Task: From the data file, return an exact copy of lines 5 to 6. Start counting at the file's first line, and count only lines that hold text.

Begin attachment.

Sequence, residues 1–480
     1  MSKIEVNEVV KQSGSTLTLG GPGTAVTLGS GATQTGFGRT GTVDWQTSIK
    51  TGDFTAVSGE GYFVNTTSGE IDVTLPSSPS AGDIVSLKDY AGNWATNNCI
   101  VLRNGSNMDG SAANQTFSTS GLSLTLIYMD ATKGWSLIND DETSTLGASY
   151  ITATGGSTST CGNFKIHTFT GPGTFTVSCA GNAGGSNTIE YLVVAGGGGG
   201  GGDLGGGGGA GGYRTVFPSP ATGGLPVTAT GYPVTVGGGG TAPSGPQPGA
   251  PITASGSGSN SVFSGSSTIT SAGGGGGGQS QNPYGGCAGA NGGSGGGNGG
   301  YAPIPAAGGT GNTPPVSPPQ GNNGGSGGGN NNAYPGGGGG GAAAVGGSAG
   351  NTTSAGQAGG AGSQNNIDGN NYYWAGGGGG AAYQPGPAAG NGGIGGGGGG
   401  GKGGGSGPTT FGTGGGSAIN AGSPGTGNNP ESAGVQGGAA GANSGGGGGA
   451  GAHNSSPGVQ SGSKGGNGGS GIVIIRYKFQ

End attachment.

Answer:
   151  ITATGGSTST CGNFKIHTFT GPGTFTVSCA GNAGGSNTIE YLVVAGGGGG
   201  GGDLGGGGGA GGYRTVFPSP ATGGLPVTAT GYPVTVGGGG TAPSGPQPGA